NT: The Venice Biennale has always been more than just an art show. It is the place where many outstanding thinkers and doers come from all over the world. An average of five to seven of 54 African countries have been represented in national pavilions in the recent editions. This lack of conversation is the main reason why the African Art in Venice Forum was born.

How did the idea initially come about?

AN: All the credit really should go to Neri Torcello. He is a passionate visionary and very knowledgeable. He and I were brainstorming about the global art scene and the role and buzz around Africa.

We observed that there wasn’t enough critical dialogue around the core issues and often the conversation is hijacked by identity politics and representation, which, quite frankly, is a tedious bore. I believe this was during Art Basel Miami in December last year and it really kicked on from there.​

NT: The idea came last year, during a trip to Africa. First off, Kenya, where Azza introduced me to many of her contacts there. Then, South Africa where I visited the Cape Town Art Fair; and finally, Morocco, where the Marrakesh Biennale curated by Reem Fadda was opening its doors.

That was a first hand experience of the contradiction between the outstanding artistic production and creative potential, and the lack of infrastructure to promote it, both on a local and international level.

I spent the following months discussing the infrastructure for the promotion of the arts in Africa with almost every person I knew until it came to Azza and Azu, who enthusiastically accepted to embark in the project and the African Art in Venice Forum was born.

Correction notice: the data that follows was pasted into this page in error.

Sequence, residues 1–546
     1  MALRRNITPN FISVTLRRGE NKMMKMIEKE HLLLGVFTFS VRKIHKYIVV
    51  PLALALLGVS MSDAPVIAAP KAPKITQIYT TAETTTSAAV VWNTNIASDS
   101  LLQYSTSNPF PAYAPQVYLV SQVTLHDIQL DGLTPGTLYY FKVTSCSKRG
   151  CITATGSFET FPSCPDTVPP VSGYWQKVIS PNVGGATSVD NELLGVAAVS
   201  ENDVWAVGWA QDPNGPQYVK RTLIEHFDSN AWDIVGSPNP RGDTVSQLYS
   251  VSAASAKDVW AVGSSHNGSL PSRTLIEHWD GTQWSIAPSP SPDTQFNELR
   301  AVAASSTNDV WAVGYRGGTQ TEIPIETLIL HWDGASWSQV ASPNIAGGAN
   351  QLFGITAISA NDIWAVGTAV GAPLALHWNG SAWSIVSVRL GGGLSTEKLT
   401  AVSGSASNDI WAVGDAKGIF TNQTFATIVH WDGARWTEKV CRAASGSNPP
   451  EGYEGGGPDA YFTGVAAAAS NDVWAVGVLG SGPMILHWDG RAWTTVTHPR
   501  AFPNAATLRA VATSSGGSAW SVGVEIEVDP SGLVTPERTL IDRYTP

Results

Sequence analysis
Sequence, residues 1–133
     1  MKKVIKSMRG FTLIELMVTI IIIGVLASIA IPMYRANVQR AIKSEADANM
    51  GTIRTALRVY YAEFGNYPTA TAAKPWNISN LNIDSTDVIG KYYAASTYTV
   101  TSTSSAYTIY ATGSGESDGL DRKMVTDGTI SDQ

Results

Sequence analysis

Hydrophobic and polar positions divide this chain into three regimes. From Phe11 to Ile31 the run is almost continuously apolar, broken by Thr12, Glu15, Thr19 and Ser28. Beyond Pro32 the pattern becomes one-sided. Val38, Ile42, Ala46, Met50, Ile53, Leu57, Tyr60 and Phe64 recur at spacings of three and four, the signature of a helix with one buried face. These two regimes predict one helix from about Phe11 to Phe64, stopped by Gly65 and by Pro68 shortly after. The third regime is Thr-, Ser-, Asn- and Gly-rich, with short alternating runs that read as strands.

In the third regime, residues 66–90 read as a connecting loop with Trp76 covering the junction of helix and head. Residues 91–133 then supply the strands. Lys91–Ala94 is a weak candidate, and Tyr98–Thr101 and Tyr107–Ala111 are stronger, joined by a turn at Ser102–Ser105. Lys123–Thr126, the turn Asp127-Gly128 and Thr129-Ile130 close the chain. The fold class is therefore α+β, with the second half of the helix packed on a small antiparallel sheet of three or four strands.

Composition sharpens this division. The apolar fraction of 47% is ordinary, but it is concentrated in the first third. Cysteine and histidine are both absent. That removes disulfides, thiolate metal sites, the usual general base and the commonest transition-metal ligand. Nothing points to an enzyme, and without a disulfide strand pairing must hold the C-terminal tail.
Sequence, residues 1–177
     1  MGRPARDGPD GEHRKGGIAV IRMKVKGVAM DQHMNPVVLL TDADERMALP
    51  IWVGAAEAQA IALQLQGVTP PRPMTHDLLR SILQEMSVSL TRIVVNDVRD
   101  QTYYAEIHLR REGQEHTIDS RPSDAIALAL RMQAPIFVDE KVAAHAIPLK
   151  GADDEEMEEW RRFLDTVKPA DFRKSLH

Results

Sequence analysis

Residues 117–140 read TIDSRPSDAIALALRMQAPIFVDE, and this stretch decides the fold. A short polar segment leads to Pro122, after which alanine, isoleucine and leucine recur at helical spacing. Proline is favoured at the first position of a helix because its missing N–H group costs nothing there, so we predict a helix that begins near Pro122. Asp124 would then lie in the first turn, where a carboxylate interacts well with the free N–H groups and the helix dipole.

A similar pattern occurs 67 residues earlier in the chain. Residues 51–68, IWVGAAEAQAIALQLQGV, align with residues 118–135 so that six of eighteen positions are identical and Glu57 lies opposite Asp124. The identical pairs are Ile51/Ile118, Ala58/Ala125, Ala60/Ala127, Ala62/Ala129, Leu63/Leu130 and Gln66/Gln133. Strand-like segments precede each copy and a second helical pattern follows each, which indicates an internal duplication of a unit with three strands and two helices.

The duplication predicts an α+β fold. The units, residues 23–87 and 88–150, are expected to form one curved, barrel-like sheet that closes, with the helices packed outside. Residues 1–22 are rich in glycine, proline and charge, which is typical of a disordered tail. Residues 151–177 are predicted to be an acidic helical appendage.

Do you believe that the international art market is ready for contemporary African art?

AN: First I don’t see that there is a qualitative difference between contempo​rary art from Africa and art from the rest of the world. Contemporary art in relation to Africa exists in the globalised world so it’s not obscure nor difficult to digest and I don’t see any reason why collectors would not collect in wider numbers.

NT: I believe humankind was born ready for art, without any differentiation of provenance, we just need to see it with the same eyes we use for all the rest. The international art market is a consequence, it is the way we make our communication tool sustainable.

In an increasingly global social landscape, we are all faced with the necessity to resonate with global narratives to transcend borders and look at humanity and its position in nature.

Who are some of your favourite contemporary African artists?

AZ: ​It would be unfair to name names and upset so many great artists whom I love. I would only offer that I have recently commissioned Gareth Nyandoro for my personal collection and later in September I’d be curating a solo exhibition at the opening of Zeitz MOCAA ​for Kudzanai Chiurai.

Oh, on the 18 May at Foto Museum Amsterdam (FOAM) I will open an exhibition for FOAM Talent for Kadara Enyeasi, Bob Muchuri Njenga and Osborne Macharia. I’m afraid, I haven’t answered your question…

NT: Abdoulaye Konaté is without any doubt the one who really ignited my passion for African art, as well as Malick Sidibé. Many other artists, young or established, are now sharing the same position.

Which speaker(s) are you most looking to hear from?